Alice in Chains have hailed the art of making albums to enjoy from start to end in a new interview.
They don't like the modern trend of releasing a bunch of singles as an album, and prefer the classic art of releasing a full body of work to be appreciated as a whole, as they have with forthcoming album "The Devil Put Dinosaurs Here" which is due on May 28.
"We don't write singles. We'll always make an album," drummer Sean Kinney told Pure Volume. "We find a collection of songs. We record the songs we like and think about how we should sequence them. ["The Devil Put Dinosaurs Here" is] not a concept album, but it's a 'full' record for us."
Guitarist Jerry Cantrell agrees, and makes a point of how much effort goes into the production of an album during the full recording cycle:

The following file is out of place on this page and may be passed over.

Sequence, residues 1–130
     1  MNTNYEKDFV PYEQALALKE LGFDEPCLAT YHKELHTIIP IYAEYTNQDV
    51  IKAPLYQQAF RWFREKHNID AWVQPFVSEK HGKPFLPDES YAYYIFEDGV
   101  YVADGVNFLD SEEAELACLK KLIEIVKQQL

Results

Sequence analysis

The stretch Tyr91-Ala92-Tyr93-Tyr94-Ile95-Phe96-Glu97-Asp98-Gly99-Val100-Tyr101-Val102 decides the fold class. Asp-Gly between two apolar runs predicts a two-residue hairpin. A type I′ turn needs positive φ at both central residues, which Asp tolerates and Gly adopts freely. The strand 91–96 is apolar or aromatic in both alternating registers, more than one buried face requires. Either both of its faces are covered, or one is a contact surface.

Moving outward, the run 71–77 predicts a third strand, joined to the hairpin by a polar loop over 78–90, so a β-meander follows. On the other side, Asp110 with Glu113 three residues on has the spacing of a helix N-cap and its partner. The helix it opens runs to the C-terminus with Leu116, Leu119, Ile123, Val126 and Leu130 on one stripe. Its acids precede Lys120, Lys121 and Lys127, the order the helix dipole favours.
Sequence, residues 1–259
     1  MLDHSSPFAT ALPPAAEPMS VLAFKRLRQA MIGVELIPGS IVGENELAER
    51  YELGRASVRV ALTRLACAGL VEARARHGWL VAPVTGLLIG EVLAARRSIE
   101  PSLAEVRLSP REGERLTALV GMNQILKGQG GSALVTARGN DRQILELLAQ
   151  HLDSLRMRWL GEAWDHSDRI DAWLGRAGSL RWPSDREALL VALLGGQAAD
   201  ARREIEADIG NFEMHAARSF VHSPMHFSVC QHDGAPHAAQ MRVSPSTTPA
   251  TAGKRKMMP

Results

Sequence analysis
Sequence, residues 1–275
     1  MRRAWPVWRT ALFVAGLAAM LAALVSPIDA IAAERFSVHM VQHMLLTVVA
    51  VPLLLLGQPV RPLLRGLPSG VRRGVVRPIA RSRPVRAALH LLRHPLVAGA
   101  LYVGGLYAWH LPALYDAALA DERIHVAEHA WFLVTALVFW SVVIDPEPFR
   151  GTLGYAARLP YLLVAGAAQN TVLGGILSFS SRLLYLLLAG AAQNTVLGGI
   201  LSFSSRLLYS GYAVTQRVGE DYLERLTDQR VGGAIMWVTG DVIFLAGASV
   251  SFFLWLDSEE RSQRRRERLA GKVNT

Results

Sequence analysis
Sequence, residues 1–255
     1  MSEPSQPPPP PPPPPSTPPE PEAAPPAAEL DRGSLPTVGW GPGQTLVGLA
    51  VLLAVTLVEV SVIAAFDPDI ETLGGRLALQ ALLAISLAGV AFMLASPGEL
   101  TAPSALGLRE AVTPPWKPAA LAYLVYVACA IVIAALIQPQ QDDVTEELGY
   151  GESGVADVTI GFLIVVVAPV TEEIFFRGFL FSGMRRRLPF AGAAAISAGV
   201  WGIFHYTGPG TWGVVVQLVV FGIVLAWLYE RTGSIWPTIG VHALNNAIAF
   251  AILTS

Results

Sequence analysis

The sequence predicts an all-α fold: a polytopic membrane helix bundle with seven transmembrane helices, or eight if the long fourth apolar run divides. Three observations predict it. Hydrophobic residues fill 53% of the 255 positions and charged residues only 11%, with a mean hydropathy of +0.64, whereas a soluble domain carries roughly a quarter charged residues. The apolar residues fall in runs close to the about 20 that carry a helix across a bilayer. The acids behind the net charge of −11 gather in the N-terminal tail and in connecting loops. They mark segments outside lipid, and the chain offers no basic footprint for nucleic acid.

"We grew up listening to complete pieces of work," says Cantrell. "I don't think a lot of people are very aware of what it takes to do a record from the get-go. You're collecting ideas, getting together to play, working on pre-production, hiring somebody to spend six months locked in a room with you, and then you're mixing. Then, you go out and tour it for a year and a half.
"It's a chunk of time. It's a piece of your life. Within that, there's a lot of life lived - good and bad. It's regular old life, but it all gets crammed into that f--king record. It gets compressed like a time capsule."
Do you like albums that work better as a whole? Hit 'like' if you agree, and let us know what recent records live up to this goal in the comments.